Saturday, July 07, 2007

Julie, embrace your destiny, whatever it is


Little Julie Power, the feisty girl who makes up one fourth of the kiddie super-team the Power Pack, the girl who can fly and leaves a pretty, sparkling trail of light in her wake that resembles a rainbow...
Grows up to know...

So I wonder how accepted the current all-ages Power Pack books would be to parents if they knew that Julie is predestined to know...

Hey, if Marvel isn't willing to say it then I'm not, either.

I wonder if Marvel is tip-toeing around the subject they have a different sort of "out" for Julie later on if the editors decide to go the other way, so to speak.

"You thought I was what? Whatever gave you the idea I know..that way?"

Images from The Avengers & Power Pack Assemble! #1 (June 2006) and The Loners #4(September 2007).



  1. What, a podiatrist?

    Julie Power grows up to be a podiatrist?

    Damn straight, I wouldn't want no daughter of mine getting all goey-eyed over a ^%$* podiatrist.

    There are so few good lesbian role models.

  2. Podiatrists are not even *real* doctors!

  3. Sorry to come a bit late to this discussion. Anyway, the lesbian innuendo is just the tip of the iceberg in my complaints about what Marvel's done with Power Pack in the past few years. The all-ages miniseries are a load of crap, completely unworthy of sharing that title and those characters with the original run (OK, maybe the last year-plus of the series was pretty crap), and by the guest characters' costumes (ie, Wolverine, Iron Man, et al) we can see they're meant to take place in present continuity. Plus, have you ever seen anything so blantantly and pathetically beg to be optioned for a Saturday morning cartoon? (Note to Marvel: Following first, THEN licensing; your cart is before your horse.) Yet simultaneously we've got "adult" Julie running around with The Loners? By my approximations the Power kids in present continuity ought not be any more than four years older than they were when they debuted in 1984.

    Of course I freely admit my bitterness is due in part to my wish to have written a Power Pack series until the new abominations were announced, but I know I'm not alone in my dismay.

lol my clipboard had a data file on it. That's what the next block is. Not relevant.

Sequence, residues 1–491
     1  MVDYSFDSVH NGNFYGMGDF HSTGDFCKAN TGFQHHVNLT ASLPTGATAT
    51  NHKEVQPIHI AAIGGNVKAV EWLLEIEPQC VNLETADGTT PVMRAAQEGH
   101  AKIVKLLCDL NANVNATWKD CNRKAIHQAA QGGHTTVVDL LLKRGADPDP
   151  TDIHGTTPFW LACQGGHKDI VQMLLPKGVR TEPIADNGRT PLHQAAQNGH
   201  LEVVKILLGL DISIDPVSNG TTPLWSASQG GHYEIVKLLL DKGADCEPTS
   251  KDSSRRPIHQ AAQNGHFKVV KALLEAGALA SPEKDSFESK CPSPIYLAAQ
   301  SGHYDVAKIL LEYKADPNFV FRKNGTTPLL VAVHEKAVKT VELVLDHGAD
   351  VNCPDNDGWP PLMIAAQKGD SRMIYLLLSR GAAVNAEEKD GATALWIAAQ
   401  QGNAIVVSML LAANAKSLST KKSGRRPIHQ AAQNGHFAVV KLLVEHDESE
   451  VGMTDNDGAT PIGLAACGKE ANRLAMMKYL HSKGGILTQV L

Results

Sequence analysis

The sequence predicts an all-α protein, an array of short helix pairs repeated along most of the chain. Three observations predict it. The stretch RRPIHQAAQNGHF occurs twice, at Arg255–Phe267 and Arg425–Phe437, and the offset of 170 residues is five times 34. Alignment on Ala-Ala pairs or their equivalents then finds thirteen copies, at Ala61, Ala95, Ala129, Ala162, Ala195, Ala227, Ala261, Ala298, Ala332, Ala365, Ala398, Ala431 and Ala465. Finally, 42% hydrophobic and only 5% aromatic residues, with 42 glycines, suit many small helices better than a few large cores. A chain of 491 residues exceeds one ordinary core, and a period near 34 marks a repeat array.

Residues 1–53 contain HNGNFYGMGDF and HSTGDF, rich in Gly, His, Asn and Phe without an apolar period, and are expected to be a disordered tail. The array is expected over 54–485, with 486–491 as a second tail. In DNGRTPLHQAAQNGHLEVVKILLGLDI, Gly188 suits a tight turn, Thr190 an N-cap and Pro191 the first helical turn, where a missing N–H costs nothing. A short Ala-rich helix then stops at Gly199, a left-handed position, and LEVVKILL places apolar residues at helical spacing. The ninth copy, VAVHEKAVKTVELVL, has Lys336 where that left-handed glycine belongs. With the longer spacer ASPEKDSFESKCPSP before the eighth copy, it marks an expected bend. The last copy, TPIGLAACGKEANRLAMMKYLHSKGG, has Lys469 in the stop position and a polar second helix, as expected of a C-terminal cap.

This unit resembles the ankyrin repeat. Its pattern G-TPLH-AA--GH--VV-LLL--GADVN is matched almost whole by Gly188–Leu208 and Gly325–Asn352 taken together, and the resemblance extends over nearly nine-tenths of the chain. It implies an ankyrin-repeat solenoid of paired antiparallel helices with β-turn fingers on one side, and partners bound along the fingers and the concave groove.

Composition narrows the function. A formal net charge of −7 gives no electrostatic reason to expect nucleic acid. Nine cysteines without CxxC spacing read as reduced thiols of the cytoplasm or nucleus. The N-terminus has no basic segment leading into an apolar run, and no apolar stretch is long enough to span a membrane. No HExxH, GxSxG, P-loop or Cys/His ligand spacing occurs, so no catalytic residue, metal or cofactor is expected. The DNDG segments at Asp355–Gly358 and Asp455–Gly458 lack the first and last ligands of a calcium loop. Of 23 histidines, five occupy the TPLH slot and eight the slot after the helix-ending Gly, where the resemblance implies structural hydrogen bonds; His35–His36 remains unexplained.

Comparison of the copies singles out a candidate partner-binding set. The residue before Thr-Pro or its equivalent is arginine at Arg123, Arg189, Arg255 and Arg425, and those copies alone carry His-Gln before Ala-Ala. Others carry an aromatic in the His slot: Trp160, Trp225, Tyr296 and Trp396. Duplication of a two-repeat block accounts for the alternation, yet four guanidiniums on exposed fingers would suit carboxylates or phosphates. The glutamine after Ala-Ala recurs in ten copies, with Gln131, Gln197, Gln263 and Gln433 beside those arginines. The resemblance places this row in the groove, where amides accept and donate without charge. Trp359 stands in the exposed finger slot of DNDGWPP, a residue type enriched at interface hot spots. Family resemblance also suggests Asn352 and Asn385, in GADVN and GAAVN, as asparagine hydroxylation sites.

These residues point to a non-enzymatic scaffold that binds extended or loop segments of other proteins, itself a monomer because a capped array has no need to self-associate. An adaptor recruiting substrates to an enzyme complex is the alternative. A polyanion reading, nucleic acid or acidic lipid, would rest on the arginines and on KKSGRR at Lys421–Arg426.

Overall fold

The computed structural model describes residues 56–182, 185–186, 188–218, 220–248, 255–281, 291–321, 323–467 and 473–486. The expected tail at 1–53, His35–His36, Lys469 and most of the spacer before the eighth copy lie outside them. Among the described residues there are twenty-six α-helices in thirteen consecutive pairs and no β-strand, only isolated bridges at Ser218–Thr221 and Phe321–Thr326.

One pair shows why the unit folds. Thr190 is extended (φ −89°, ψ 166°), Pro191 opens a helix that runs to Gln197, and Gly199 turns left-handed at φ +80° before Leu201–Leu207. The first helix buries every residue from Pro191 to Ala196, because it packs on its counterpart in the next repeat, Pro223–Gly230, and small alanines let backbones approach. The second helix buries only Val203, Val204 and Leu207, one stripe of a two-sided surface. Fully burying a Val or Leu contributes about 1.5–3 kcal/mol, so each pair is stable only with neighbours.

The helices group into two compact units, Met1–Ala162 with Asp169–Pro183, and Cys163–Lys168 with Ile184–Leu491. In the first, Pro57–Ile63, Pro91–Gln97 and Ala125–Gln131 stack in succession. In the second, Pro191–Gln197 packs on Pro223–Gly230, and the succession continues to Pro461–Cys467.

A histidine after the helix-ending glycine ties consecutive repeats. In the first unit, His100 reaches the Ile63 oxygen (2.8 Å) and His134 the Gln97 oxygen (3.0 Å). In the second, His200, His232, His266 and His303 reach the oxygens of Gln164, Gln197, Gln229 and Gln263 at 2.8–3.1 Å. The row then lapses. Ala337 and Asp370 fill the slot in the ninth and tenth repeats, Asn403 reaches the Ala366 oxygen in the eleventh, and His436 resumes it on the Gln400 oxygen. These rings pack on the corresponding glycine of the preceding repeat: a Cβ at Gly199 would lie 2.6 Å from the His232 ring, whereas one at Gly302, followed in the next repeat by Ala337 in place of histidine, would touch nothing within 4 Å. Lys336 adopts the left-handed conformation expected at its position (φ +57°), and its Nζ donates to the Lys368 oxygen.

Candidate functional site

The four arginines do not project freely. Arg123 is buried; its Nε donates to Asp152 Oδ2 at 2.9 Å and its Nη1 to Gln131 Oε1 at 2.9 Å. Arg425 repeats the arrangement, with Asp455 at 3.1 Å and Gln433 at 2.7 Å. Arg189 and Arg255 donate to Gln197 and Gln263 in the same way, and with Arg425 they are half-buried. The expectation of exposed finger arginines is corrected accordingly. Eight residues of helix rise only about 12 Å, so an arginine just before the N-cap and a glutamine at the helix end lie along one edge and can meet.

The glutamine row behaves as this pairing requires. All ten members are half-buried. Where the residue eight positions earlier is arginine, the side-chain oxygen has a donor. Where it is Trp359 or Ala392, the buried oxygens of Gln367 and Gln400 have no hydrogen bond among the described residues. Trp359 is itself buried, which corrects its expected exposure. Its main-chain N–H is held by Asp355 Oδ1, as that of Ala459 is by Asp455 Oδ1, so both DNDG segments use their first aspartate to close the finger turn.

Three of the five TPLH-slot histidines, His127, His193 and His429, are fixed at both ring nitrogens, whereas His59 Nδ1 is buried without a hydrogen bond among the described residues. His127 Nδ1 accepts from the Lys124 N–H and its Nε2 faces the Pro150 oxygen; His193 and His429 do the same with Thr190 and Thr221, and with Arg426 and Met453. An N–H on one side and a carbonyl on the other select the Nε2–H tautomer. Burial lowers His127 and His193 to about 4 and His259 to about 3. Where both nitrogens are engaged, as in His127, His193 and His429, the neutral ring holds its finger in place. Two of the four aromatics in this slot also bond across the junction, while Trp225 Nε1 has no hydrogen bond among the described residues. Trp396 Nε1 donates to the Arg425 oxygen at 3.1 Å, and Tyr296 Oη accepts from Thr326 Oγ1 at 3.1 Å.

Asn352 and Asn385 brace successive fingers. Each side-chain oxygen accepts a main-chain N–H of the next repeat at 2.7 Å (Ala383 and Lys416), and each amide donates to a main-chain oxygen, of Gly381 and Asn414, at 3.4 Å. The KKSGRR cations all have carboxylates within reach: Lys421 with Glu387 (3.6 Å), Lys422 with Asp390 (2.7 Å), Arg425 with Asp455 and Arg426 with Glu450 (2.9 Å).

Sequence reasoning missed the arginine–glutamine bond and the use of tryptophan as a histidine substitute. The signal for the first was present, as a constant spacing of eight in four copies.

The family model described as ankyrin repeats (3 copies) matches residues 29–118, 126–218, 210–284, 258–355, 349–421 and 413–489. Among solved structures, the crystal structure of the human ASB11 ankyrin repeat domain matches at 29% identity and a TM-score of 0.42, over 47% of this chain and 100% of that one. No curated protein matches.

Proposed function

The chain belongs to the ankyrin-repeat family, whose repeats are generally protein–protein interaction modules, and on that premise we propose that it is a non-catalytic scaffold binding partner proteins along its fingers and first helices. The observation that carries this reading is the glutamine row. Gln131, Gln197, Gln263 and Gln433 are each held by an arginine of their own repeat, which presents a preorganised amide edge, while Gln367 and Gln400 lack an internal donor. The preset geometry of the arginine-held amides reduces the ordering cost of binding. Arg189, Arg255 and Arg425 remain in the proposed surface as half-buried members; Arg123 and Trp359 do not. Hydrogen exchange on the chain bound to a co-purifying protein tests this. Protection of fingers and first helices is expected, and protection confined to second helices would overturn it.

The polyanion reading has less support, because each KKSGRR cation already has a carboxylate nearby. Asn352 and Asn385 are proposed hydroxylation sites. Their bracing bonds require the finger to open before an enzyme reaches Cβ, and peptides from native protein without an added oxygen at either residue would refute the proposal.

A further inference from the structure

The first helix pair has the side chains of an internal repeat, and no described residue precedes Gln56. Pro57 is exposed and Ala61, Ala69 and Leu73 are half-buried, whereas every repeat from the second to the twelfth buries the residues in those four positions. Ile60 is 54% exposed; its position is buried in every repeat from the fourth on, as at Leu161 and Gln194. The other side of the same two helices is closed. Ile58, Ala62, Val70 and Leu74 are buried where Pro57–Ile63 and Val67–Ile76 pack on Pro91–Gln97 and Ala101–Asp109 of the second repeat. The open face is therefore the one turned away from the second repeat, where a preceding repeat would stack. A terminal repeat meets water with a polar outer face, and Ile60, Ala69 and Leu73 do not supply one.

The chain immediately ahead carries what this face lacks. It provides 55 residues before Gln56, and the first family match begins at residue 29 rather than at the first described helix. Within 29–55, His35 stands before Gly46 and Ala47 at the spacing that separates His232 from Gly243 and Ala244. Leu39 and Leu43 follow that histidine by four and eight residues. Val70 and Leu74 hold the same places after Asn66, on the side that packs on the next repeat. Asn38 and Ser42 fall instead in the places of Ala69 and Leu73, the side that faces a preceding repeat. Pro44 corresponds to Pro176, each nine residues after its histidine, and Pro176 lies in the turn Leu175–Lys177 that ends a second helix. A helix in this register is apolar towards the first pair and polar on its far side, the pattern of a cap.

4. Also late to the discussion, my opinion is that Marvel are going the wrong way with Julie, as after 25 years of comics in which her every inner thought was there on the page for scrutiny, the 'regular' Julie Power being gay is a forced retcon that doesn't make sense beyond cheap heat from fans generationg buzz for the Loners miniseries (a suspicion fed by the cheesecake panels of her appearing in Loners).
    Julie would realistically have had sexual feelings about girls during puberty, not suddenly at 17 (she was attracted to Ricochet during Runaways), and we, the readers, would have read those thoughts.

    The last time Marvel tried a forced gay retcon that I can remember was Rawhide Kid, and that didn't do them any favours with the fans or critics who saw it as a cheap ploy for buzz - which Marvel even admit themselves - and it's worth noting that Loners sold well initially, but around the time online fans began discussing the 'hints' in the book about one of it's most popular characters, it managed to drop five thousand readers.

    On the other hand, and this is where I realise I'm going to have trouble, I think the all-ages Julie should be gay, because it would be nmore natural for a girl her age to be exploring her sexuality, and it would be a chance to reinforce an idea that's ran through kids' books for years: that being different isn't something to be ashamed of - a lesson I can't honestly say that the Loners is teaching by turning sexual confusion into an excuse to titilate fanboys.

  5. Marvel should have little problem or risk in making All-Ages Julie gay. DC did flew it under the radar for the all-ages Batgirl when hinting around on the Supergirl-Babs relationship.

  6. That would be a retcon, surely? In the cartoon, Bruce was shagging Barbera, and in Return Of The Joker she reveals that this caused the rift between him and Dick that was mentioned in the 1990s cartoon - and she was married during Batman Beyond.

    On the other hand, in the Superman cartoon, Captain Maggie Sawyer was gay, but all we saw onscreen was her 'lady friend' holding her hand in one scene when she was in hospital. There was nothing seedy or shameful about it, just clearly a close bond between two people.

    Getting back to Power Pack, I suspected Jack was supposed to be gay.


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